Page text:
I also discovered the password strength estimator zxcvbn at about the same time. It's pretty clever. It works out which password generation schemes could be used to generate your password and then uses that information to calculate the entropy correctly (assuming the attacker would know what scheme you used).
I think that if you implement Diceware at your company, people will still choose their own passwords. It's easier, and how would you prove they didn't?
It's identical to the one that ships with the EFF's OpenWireless router firmware.
I hope it doesn't have security problems. But feel free to prove me wrong!
Going to all this trouble to generate an admittedly excellently secure password continues to pass the burden of good passwords on to the end user whilst doing nothing to alleviate the core problem, namely that I have to regularly use about 10-20 passwords each day.
My preferred solution is www.passwordchart.com
In this, I select one very good password/passphrase (for which I could use this method) and then I use an indicator of where I'm logging into to generate site/program specific passwords, e.g.,
Phrase: cleft cam synod lacy yr wok
Generates: yb63476F9xk6RjGVyp6yp6Hj8347b6y (with +Include Numbers ticked)
Generates: yb6347963m6mj963963RjfRd347b6y (with +Include Numbers ticked)
So, for my remembering one complex passphrase and one strategy for generating passwords I can generate strong, complex passwords for any site I need and don't have to remember a single one of them. The only pre-requisite I have to get into a site on another machine from my own is that I have internet access (or have a printed copy of the matrix, or something like that).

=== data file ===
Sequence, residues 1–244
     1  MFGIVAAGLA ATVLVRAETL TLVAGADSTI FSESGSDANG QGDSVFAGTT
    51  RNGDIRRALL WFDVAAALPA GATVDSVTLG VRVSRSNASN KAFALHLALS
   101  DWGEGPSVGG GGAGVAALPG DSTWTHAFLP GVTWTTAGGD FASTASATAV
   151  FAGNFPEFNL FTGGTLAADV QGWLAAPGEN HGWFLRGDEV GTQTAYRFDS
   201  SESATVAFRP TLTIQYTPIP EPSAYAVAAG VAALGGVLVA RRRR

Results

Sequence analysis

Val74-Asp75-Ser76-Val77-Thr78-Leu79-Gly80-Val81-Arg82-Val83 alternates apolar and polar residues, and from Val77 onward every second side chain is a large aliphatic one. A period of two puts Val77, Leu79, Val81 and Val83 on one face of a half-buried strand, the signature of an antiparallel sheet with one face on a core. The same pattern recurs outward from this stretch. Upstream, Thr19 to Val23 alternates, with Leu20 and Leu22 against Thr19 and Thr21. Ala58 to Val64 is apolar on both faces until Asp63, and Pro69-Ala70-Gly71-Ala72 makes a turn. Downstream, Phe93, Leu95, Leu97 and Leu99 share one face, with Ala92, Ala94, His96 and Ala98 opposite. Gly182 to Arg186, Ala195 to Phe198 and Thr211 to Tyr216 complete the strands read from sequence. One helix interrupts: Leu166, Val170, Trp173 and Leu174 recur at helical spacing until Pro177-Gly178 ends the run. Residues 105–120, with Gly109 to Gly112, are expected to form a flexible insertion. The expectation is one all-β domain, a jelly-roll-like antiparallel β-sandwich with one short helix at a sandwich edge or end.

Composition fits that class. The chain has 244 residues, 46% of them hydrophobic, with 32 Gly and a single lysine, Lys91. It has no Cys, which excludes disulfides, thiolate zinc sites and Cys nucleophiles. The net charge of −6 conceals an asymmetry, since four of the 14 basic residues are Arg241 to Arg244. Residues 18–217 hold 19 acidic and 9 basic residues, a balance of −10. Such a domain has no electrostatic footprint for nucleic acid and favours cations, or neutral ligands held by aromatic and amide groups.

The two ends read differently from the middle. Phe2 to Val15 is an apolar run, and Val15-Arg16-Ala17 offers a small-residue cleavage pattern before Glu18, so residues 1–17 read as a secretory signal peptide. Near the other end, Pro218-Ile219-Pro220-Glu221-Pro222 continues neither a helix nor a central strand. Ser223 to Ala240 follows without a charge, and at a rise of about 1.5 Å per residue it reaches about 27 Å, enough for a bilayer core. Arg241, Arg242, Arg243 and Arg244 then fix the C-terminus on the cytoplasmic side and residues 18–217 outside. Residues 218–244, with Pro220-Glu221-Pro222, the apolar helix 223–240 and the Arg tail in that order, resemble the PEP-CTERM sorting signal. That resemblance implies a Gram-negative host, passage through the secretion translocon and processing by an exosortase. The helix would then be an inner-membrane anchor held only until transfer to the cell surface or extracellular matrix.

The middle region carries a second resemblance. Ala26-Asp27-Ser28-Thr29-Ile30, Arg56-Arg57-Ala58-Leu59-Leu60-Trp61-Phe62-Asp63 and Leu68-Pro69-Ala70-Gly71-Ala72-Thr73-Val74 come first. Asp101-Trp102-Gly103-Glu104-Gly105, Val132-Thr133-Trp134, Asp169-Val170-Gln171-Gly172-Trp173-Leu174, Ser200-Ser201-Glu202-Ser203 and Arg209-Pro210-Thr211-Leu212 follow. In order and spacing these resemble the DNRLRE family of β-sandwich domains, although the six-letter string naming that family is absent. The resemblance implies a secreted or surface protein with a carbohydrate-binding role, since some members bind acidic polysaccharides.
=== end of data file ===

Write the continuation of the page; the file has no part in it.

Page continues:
(My dependence on this website is the one weak link in this, and I have actually implemented something similar on my own webspace that I just need to tweak usability for a bit before I switch over.)
1. Your twitter password leaks information about your facebook password. E.g., "e" is encoded as "Rj" in both of them.
2. If attacker gets hold of your twitter generated password and assumes "twitter" is encrypted somewhere inside, he now knows how you encode "t", "w", "i", "e" and "r" in your other passwords. Numbers are easy to guess or brute-force.
3. It's too tempting to just add a number to password in order to change a generated password for some site. But the generated password barely changes (and remember that attacker could know how you encrypt numbers):
Microsoft is one of the biggest offenders of this issue.